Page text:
If you’re still seeing artifacts after trying all of the above, you can try resetting your graphics card to its factory settings. This will reset your clock speed, voltage, and other settings to their default values.

To do this, you’ll need to go into your graphics card settings and navigate to the ‘reset’ option. For NVIDIA cards, this can be done in the NVIDIA Control Panel. For AMD cards, this can be done in the AMD Radeon Settings.

Manufacturers release new versions of drivers regularly to fix bugs and improve performance. So

These are some tips to fix GPU artifacting. If you’re still seeing artifacts after trying all of these steps, it’s likely that your graphics card is damaged and needs to be replaced.

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Fix GPU Artifacting – FAQs

What is GPU artifacting?

GPU artifacting is a visual distortion that can occur when a graphics card is overclocked or running too hot.

It’s characterized by multicolored streaks, dots, or lines on the screen.

How do you fix GPU artifacting?

There are a few things you can try to fix GPU artifacting.

These include reducing overclocking, removing dust and debris on the GPU, lowering the temperature, reflowing or replacing the GPU, checking for loose cables, and replacing the thermal paste.

If these steps don’t work, it’s likely that your graphics card is damaged and needs to be replaced.

What causes GPU artifacting?

GPU artifacting can be caused by a number of things, including overclocking, dust and debris on the GPU, high temperatures, loose cables, and bad thermal paste.

Can artifacting damage my GPU?

Yes, artifacting can damage your GPU if it’s not fixed. Artifacting is a symptom of an underlying problem, such as overclocking or overheating, which can cause permanent damage to your graphics card if left unchecked.

How can I prevent GPU artifacting?

The best way to prevent GPU artifacting is to avoid overclocking your graphics card and to keep your computer clean.

Dust and debris can build up on your GPU over time and cause it to overheat.

You can clean your computer by opening it up and using compressed air to blow out any dust that’s accumulated inside.

What is meant by overclocking?

Overclocking is the practice of running a computer component, such as a CPU or GPU, at a higher than factory-rated speed.

Overclocking can lead to increased heat and strain on the component, which can ultimately cause damage.

For this reason, it’s important to only overclock if you know what you’re doing and have adequate cooling in place.

Artifacting is a visual distortion that can occur when a graphics card is overclocked or running too hot. It’s characterized by multicolored streaks, dots, or lines on the screen.

There are a few things you can try to fix GPU artifacting. These include reducing overclocking, removing dust and debris on the GPU, lowering the temperature, reflowing or replacing the GPU, checking for loose cables, and replacing the thermal paste.

If these steps don’t work, it’s likely that your graphics card is damaged and needs to be replaced.

What is thermal paste?

Thermal paste is a substance that helps to transfer heat from one surface to another. It’s often used between a CPU and its heatsink, or between a GPU and its cooling solution.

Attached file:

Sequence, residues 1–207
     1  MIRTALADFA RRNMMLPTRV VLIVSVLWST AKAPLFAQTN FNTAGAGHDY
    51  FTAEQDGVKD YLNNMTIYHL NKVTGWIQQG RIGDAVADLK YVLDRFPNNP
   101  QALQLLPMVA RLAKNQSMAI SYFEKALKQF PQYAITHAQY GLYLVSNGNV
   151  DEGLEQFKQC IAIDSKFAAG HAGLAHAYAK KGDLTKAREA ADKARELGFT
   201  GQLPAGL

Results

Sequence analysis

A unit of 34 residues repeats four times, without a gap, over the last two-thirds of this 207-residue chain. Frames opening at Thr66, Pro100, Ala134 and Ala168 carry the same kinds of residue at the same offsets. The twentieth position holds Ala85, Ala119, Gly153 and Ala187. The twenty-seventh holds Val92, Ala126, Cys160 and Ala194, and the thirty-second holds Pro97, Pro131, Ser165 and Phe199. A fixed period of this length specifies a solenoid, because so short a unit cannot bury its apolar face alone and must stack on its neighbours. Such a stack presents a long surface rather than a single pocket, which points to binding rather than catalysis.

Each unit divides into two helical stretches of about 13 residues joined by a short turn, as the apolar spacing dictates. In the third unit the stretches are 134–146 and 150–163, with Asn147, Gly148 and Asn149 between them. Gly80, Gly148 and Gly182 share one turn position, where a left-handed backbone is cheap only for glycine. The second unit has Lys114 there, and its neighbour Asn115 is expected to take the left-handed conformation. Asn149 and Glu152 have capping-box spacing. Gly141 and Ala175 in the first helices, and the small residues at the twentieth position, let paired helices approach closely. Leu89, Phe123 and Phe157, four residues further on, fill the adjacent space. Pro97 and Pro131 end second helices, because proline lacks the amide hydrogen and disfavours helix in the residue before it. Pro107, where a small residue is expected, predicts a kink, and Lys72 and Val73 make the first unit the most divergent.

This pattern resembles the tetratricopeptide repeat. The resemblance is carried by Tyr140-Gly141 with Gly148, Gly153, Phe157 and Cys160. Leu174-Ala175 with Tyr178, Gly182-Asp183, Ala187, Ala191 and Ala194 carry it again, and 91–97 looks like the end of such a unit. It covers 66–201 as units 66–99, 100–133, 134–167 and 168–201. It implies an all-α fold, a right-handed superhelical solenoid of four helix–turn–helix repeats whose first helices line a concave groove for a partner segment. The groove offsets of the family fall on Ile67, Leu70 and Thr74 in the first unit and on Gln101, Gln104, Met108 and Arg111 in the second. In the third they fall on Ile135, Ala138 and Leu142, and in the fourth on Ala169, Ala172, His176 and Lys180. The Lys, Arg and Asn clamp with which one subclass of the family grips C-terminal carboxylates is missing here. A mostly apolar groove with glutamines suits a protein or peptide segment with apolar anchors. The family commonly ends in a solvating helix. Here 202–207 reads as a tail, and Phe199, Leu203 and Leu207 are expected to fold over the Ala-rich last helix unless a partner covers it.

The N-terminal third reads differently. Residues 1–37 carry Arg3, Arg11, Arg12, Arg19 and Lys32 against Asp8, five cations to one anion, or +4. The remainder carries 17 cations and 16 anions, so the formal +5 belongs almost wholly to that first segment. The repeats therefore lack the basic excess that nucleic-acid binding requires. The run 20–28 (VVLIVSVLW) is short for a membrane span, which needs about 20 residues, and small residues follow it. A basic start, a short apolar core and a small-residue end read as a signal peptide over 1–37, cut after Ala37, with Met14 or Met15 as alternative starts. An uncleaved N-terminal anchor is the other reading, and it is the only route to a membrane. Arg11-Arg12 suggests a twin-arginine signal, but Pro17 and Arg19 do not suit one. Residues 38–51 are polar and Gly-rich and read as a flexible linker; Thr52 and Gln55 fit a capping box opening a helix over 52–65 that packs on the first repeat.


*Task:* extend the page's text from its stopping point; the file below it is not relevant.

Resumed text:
Thermal paste can dry out over time and stop working properly. This can lead to overheating and artifacting.

You can replace the thermal paste on your own by following a few simple steps.

First, you’ll need to remove the old thermal paste from the surface of your CPU or GPU.

Next, apply a thin layer of new thermal paste to the surface. Finally, reattach the heatsink or cooling solution.

How often should I clean my computer?

It’s generally recommended that you clean your computer at least once a year.

Dust and debris can build up on your computer over time, which can lead to problems like overheating and artifacting.

Cleaning your computer regularly will help to keep it running smoothly.

I’ve tried all of these steps and my GPU is still artifacting. What should I do?

If you’ve tried all of the steps above and your GPU is still artifacting, it’s likely that your graphics card is damaged and needs to be replaced.

You can take your computer to a local repair shop or contact the manufacturer of your graphics card for assistance.

Conclusion – How to Fix GPU Artifacting

GPU artifacting can be caused by a number of things, including overclocking, dust and debris on the GPU, high temperatures, loose cables, and bad thermal paste.

Yes, artifacting can damage your GPU if it’s not fixed. Artifacting is a symptom of an underlying problem, such as overclocking or overheating, which can cause permanent damage to your graphics card if left unchecked.

The best way to prevent GPU artifacting is to avoid overclocking your graphics card and to keep your computer clean. Dust and debris can build up on your GPU over time and cause it to overheat. You can clean your computer by opening it up and using compressed air to blow out any dust that’s accumulated inside.

If these steps don’t work, it’s likely that your graphics card is damaged and needs to be replaced. You can take your computer to a local repair shop or contact the manufacturer of your graphics card for assistance.

And as an extra tip…

If you’re experiencing any strange issues with your computer, it’s always a good idea to run a virus scan to rule out any malicious software that may be causing problems.

You can use a free antivirus program like Microsoft Security Essentials or AVG Free Antivirus to scan your computer for malware.